At the time this article was authored, the Nasdaq closed at record highs that haven’t been seen since the Dotcom Bubble in 1999. Wall Street doesn’t seem to be bothered by the onslaught of breaking news from Washington – or, more likely, the market is trending upward due to the anticipation of “shifts in fiscal policy that will stimulate growth and perhaps raise earnings” per Federal Reserve chief Janet Yellen (as reported by money.cnn.com). Some strategists are taking a cautious approach, however, opining that the market may be overdone and is subject to correction in the near future. This could lead to substantial losses for those heavily invested in the current bullish market.
Generally, investors hire financial advisors, brokers and brokerage firms to make sound investment decisions for the investor. The relationship between the advisor and the investor is much like that of the attorney and the client: the client trusts in the financial advisor’s knowledge and acumen in the industry, therefore a fiduciary duty flows from the advisor to the investor. Traditionally, the investor will work with the advisor to identify his or her investment goal, and the advisor will make recommendations and take action to further the goals identified. Seems easy enough, but oftentimes advisors make investment decisions with their clients’ funds that may be motivated by their own financial gain. Perhaps the broker, encouraged by the bullish market, makes several risky investment decisions for a client who has a financial goal of long-term, low risk gains. Perhaps that broker was wrong, and ends up losing a substantial amount, or maybe even all of that client’s money. What then? Does the investor have recourse to recoup the losses in this hypothetical?
Yes, recourse exists. Typically when an investor signs a contract with a broker or brokerage firm, the contract contains a mandatory arbitration clause, which requires any dispute to be resolved by and through the Financial Industry Regulatory Authority (“FINRA”). Investors should familiarize themselves with the possibility of pursuing recoupment of losses resulting from potential mismanagement of funds by his or her broker or financial advisor. There are many ways in which a financial advisor can be held responsible for mismanaging investments, but most claims fall under the “Breach of Fiduciary Duty” cause of action. In the event of a potential Breach of Fiduciary Duty claim against one’s financial advisor, it is important to remember that claims must be filed within six (6) years from the date of the transaction or occurrence; what constitutes a “transaction or occurrence” depends on the factual circumstances of the case. Obviously, claims relating to mismanagement of investments are highly complex; often times quite a lot of money is at stake. Don’t assume arbitration is like a mediation: Phil Snyderburn, a veteran securities attorney with Snyderburn, Rioshi and Swann, emphasizes that binding arbitration is indeed an adversarial proceeding, with “each stage of the process requiring execution and high-level decision making processes, weighing costs and benefits and anticipating consequences.”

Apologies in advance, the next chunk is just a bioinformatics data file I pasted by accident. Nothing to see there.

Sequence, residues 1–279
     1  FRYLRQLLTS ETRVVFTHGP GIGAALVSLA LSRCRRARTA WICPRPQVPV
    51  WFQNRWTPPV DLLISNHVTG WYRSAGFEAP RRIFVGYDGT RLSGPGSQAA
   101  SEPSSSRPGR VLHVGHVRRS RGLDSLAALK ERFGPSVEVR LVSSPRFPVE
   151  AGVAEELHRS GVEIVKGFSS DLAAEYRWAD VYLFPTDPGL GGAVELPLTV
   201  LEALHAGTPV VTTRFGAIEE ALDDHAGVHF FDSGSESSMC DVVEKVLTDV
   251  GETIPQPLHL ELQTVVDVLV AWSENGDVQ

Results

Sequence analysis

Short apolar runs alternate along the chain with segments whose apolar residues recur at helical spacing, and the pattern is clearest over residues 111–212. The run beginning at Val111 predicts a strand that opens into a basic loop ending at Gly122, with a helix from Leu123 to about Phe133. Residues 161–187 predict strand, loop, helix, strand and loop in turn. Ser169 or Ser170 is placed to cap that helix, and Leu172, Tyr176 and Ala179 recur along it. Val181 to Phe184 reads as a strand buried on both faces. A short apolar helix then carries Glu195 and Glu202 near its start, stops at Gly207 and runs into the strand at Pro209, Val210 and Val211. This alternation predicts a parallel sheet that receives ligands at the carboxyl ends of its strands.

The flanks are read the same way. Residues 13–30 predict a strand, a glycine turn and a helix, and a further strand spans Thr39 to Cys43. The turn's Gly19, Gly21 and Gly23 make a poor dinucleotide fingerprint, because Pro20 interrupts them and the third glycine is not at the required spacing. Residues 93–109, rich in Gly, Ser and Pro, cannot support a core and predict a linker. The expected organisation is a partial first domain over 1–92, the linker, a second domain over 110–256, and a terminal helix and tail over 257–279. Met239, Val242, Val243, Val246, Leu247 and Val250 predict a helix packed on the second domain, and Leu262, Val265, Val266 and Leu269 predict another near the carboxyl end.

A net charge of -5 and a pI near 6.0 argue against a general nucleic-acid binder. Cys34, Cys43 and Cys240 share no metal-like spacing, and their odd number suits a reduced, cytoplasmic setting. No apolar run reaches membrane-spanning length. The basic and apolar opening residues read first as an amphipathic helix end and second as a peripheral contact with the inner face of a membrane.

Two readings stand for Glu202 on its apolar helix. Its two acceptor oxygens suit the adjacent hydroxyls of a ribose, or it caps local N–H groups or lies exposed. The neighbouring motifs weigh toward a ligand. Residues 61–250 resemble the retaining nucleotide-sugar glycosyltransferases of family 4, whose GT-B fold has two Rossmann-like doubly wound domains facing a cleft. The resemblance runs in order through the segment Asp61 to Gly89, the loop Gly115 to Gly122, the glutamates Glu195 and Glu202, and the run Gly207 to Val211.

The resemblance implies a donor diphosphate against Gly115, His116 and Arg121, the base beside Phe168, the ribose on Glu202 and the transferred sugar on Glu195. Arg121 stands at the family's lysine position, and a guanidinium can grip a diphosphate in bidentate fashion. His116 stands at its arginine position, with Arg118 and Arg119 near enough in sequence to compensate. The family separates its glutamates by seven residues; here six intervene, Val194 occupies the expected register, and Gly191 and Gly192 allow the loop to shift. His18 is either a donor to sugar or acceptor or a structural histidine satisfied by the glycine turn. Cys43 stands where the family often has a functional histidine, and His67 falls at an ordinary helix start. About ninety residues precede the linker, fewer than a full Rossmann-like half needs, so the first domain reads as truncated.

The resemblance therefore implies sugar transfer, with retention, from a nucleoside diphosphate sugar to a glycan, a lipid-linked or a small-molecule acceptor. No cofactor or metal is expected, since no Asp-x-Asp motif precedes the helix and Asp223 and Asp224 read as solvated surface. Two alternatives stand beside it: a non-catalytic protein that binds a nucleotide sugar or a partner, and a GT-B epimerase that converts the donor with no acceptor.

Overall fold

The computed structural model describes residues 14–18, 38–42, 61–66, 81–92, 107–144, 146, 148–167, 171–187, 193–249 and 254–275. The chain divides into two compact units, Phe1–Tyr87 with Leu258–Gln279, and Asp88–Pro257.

Based on statistics published by FINRA in 2016, 61% of all claims were settled during the arbitration process, meaning the investor/claimant most likely walked away with some form of recoupment of loss in exchange for the dismissal of the case. It’s only reasonable to assume the cases that are settled are handled by experienced securities arbitration attorneys; to proceed without one – for either the broker or the investor – would undermine the chances for a fair outcome. Arbitration is much more affordable than litigation, which is yet another benefit – particularly to those who may have already suffered losses due to trigger-happy brokers. And hey, not all brokers are bad, but when the transaction seems contrary to the investment goal discussed, it’s always wise to look a little deeper – FINRA has your back.